When I returned to pet blogging on August 1, it was with the idea that I would be sharing information on dealing with an aging pet — in particular, one with Canine Cognitive Dysfunction. I didn’t know how long I would blog here again, or how involved I could be in the pet blogger’s community, but I wanted to help.
Turns out, I was the one who needed the help, although I didn’t realize it. There must have been a part of me that knew that this chapter of my life would be ending sooner rather than later, and that I didn’t want to go through it on my own — or undocumented.
You Don’t Keep a Journal??
Writing is a very individual experience. Some people dash through a first draft and then go back to polish their prose (or poetry). Others write more slowly, editing a little along the way.
And then there’s me.
Most of the time, I can barely get two sentences down without going back and rereading what I wrote. Sure, there’s the occasional white heat writing, when I’m angry and opinionated — okay, I’m always opinionated, but not always angry — and the words come quickly. Usually, however, I work hard to make my writing look easy.
Writers often try to tell you that their method is the right one because it works for them. It’s taken me many years, but I finally have enough confidence to stop listening to advice like that. Can the writing itself be improved? Of course — sometimes I am so much in my own head, so immersed in a situation, that I don’t convey what I intended. That’s what good editors do: They clarify and ask the right questions, telling you what they don’t understand, making sure you’re getting your ideas across (not theirs).
But I digress.
My point is — and some will find this shocking — I don’t keep a journal. This, in the opinion of many writers, is a cardinal sin. I know, though, that I would pore over every word, and spend more time editing myself than putting my thoughts down.
And if you tell me that if only I got into the habit of journal writing this would change, I am going to bite you.
Blogging to the Rescue
I recommitted to blogging here because Frankie was on my mind, even while I was writing about my family history on Freud’s Butcher. The family members I am researching there will stay dead and people will come back to that blog — or not — when I resume writing about them. Meanwhile, I have a real dog whose life and whose passing I would like to think about. And the best way for me to do it is to write for a pet-loving audience, people who won’t consider my close attention to one small dog insane.
I don’t know how others work but, in addition to having a general pet-loving audience in mind, I also aim my writing towards a few specific people, smart ones with good hearts. I know some of them in real life, even if we’ve met only briefly; some I may never meet, especially if I stop dog blogging. Nevertheless, I write to them because I know they will understand — or set me straight.
Which brings me back to my last post, the one about my guilt over not doing enough to take care of Frankie.
Good Caretaking, Ineffective Writing
Yes, I can be a paranoid nutcase at times; just ask any of my friends. And yes, grief brings out the irrational in me, as it does in most people. But most of the time, I know that I have taken excellent care of Frankie. One of his gifts to me was making me aware that even a plant-killing relationship-phobe from New York can find the inner resources to create a good life for another living creature, and to love that creature with a depth of feeling that would have been impossible to anticipate.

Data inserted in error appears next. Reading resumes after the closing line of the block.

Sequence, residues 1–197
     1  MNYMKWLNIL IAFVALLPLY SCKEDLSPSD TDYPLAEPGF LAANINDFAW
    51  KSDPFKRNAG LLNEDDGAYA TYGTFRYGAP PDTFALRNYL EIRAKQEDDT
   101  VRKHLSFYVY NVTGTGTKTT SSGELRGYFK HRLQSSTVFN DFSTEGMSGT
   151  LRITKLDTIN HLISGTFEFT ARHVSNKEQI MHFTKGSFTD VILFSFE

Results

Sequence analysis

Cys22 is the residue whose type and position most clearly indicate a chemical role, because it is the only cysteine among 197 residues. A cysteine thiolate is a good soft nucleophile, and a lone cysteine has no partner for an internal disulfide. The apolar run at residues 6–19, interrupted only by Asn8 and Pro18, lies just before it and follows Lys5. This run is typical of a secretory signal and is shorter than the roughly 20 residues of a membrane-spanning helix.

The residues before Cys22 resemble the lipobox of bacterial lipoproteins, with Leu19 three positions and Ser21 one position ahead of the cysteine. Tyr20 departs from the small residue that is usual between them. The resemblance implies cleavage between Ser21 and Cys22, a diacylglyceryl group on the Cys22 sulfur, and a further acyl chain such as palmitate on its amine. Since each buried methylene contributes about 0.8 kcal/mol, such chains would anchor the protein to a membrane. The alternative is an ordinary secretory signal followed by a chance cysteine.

So when I wrote about feeling guilty that I hadn’t done enough for Frankie because I didn’t have the superpowers to keep him alive, I was being rhetorical, taking my fleeting emotions to their (il)logical extreme. I thought it would be obvious that second guessing my vet and keeping Frankie from jumping off stuff were as impossible as being able to change the course of time.
Apparently it wasn’t clear. And this is what I mean about writing that doesn’t convey what it is intended to convey.
So I am sorry you worried about me, but I am also very touched. Thank you.
Support — and a Report
Here’s the other thing. Your comments have been wonderful, often bringing me to tears with their displays of kindness and concern. If I haven’t answered many of them lately, it’s because I would spend my day sobbing — and I have to earn a living, not to mention devise ways to spoil Frankie. But I want you to know that I read and appreciate them all. I especially appreciate knowing — from comments on Facebook and Google+ as well as here — that I haven’t just depressed the hell out of everyone, that others have found it helpful to hear about this process.
Frankie and I are doing okay. I’m glad I’m spending these last few weeks with him. He’s still capable of annoying me — out or in, buddy? Make up your mind! — which means life is fairly normal, in its fashion. Frankie seems to be thriving on his semi-junk food diet — cheap cat food, sausages, potato chips… new treats every day — and at first his new found energy freaked me out, making me wonder whether letting go was the right decision, the advice of Dr. Sheila Kirt, the hospice vet, notwithstanding. Maybe there’s still time, I wondered….
But nothing has changed Frankie’s prognosis, and why wait until he can no longer find joy in being spoiled?
I too am capable of pleasure: I gave Dr. Kirt a copy of Am I Boring My Dog. A few days later, I got a lovely thank you card from her with this note:
Your book is a pleasure to read. Your humorous approach makes it extremely enjoyable and entertaining. More importantly, the information you provide is well researched, accurate and complete. Thank you for writing this book and for sharing it with me.
Now all I have to do is remember to ask her to write the same thing on Amazon….